"I just asked around, 'Is this something you would need, something you would pay for?' They said, 'Oh my god, yes, yes, yes.'" Schmidt said. "That's been the reaction of the industry since (we opened in April 2018), too. Everyone is saying, 'This is amazing. We've been waiting for this.'"
The space, on the seventh floor of the Pittock Building on Washington Street, between Southwest 10th and Park Avenues, was the location of the design studio of Linda Czopek, a long-time leader in the local interior design scene, who was preparing to retire.
Schmidt talked with Czopek, and the two women eventually arranged with the building's management to have Schmidt move into the space through a turnkey arrangement.
Czopek also helped Schmidt and her team get settled in the space. She gave all of her office furniture and electronics to Schmidt and provided the name of her bookkeeper. She helped sort fabrics and stock the library. She even helped spread word about the business venture to architectural firms in Portland.
"As much as she could, (Linda) fully supported the turnover and the creation of Krowdsourced," Schmidt said. "It's … a phenomenal story of this woman who had run a business for 30-something years just really connecting to that next generation of design leaders and women entrepreneurs."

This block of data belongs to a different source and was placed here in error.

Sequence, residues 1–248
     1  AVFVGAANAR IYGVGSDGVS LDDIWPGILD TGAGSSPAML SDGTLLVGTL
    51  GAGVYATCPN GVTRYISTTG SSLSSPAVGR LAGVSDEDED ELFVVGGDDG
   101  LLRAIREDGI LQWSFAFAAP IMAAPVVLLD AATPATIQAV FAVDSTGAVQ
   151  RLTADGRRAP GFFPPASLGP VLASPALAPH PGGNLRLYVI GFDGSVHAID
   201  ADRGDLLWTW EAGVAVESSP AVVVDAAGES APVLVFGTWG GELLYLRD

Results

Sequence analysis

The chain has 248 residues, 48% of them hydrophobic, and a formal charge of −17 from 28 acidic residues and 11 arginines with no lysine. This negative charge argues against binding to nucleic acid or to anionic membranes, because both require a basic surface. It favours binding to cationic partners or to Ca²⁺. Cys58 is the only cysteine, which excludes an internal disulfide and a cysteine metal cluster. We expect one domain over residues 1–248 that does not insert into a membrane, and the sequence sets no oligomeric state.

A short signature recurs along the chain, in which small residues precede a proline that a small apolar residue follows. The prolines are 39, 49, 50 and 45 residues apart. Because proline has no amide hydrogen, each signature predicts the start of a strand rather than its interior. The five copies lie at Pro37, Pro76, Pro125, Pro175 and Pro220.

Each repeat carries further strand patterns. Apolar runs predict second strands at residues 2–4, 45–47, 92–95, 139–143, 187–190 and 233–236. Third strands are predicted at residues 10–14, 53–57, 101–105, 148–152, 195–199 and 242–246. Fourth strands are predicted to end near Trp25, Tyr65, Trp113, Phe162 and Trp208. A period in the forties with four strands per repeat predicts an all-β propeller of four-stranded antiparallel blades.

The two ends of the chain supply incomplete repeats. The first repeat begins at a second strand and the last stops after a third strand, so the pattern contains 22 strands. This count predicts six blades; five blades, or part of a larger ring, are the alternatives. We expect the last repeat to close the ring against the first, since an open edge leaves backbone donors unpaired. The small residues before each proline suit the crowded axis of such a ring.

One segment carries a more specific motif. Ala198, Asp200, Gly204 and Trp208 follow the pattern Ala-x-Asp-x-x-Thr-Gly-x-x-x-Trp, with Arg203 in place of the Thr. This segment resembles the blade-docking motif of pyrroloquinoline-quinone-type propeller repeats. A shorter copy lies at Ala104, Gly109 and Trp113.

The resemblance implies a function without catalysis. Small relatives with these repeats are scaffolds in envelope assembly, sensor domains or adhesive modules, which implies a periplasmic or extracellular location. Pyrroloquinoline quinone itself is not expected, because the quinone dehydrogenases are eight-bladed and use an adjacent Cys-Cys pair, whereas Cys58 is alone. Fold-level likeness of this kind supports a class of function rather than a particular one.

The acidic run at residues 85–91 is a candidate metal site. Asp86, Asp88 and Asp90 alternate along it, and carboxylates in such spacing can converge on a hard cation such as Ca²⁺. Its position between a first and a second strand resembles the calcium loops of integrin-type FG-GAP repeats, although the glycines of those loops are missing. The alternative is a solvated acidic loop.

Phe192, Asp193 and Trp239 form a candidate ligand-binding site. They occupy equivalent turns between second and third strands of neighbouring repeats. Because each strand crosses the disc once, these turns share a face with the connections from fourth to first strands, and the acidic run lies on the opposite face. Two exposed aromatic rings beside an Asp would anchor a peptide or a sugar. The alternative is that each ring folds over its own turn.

For Czopek, providing support for Schmidt and her business made it easier to transition out of the space. The working relationship with the Krowdsource team also has made it possible for Czopek to be able to work on a handful of large projects that have come her way even in retirement without having to return to the effort in a full-time capacity.
"It made me feel good about stepping back," Czopek said. "It's gratifying to watch what I think is the future of the field and watch Nicole make it happen."
The online platform and the physical materials library in downtown Portland work hand in hand.
The online library offers 30,000 individual products. Schmidt says she's lost count of the number of physical samples in the office library, but she says there are probably "hundreds of thousands."
As in any library, rows of free-standing shelves fill part of the space. However, instead of books, they feature blocks of wood, glass, metal and other materials. Squares of nubby carpet sit in one of the boxes on shelving along one wall. Squares of furniture finishes rest in another. Swatches of wallpaper — including one that features gray owls on a pink background — are spread across a countertop near the front door.
While traditional materials libraries have required manufacturers to pay for space to showcase samples of their products, Schmidt took a different approach. Manufacturers can provide as many samples as they like without any costs. Instead, Schmidt's business makes its money from the fees that architectural and interior design firms pay for annual memberships.
While members can access the online platform around the clock, the official operating hours of the brick-and-mortar library are from 8:30 a.m. to 5 p.m. Monday through Friday. However, for their annual fee, members are given a keycode that allows them to access the physical library — and its contents — during off hours.